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Issue 63 - Split personality

Whisky Magazine Issue 63
April 2007

 

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Split personality

Jefferson Chase offers us another recent whisky read

The moral of Matt Ruff's Set This House in Order might be: watch out for the eggnog – especially if you can't be entirely sure who's drinking it.

Baffled? You should be. The hero of this complex novel of suspense from 2003 is a so-called “multiple,” an individual whose personality splits into separate identities or “souls” in response to a massive childhood trauma. The lead personality is called Andy Gage – but as we soon learn, he's got some heavy competition.

The book opens with an account of Andy's birth and his complicated mental landscape.

With the help of a good doctor named Danielle Grey, my father worked to establish order. In place of the dark room, he constructed a geography in Andy Gage's head, a sun-lit countryside where the souls could see and talk to one another. He created the house, so they'd have a place to live…The effort to construct the house exhausted my father, and left him with little enthusiasm for dealing with the outside world. But someone had to run the body; and so, on the day the last shingle was nailed in place, my father went down to the lake and called my name.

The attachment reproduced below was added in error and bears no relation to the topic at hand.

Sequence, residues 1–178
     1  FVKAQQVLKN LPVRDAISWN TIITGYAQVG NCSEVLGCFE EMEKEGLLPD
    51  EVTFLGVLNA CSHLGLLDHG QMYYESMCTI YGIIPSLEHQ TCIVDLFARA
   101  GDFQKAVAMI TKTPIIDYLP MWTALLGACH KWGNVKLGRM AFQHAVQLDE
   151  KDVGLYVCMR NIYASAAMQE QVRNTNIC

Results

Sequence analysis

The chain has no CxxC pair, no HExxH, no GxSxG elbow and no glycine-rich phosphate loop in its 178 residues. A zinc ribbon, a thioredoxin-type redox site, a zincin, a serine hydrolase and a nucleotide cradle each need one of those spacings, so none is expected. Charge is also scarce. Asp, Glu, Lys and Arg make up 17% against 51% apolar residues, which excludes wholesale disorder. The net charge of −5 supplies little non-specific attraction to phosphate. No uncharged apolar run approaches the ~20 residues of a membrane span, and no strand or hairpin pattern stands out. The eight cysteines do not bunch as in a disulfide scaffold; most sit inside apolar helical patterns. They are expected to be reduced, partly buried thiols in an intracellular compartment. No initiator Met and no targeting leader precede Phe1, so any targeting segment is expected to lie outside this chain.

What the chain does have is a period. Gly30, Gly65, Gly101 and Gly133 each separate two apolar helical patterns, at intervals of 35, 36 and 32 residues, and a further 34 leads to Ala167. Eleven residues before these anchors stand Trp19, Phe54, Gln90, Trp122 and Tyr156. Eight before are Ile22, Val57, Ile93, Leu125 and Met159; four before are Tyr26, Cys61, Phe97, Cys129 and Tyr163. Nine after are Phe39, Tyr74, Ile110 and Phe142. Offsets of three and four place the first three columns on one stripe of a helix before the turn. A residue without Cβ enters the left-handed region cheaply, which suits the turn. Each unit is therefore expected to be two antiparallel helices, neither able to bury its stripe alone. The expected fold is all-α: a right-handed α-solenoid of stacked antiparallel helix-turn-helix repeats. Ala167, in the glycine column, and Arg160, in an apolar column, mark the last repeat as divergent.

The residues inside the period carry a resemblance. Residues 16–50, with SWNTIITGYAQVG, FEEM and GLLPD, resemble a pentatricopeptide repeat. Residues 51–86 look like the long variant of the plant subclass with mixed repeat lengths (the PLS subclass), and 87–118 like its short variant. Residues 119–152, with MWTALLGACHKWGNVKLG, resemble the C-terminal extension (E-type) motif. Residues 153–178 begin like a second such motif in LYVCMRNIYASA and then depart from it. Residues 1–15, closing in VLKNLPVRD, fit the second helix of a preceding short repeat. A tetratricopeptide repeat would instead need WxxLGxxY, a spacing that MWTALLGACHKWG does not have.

It's a strategy that works. Despite the rival personalities in his head – which include a foul-mouthed adolescent, a Greek fitness fanatic and a banished evil spirit called Gideon – Andy Gage becomes a functional member of society, holding a job at a Seattle software company.

But in order to maintain control, the Andy Gage personality has to keep a clear head. And ...

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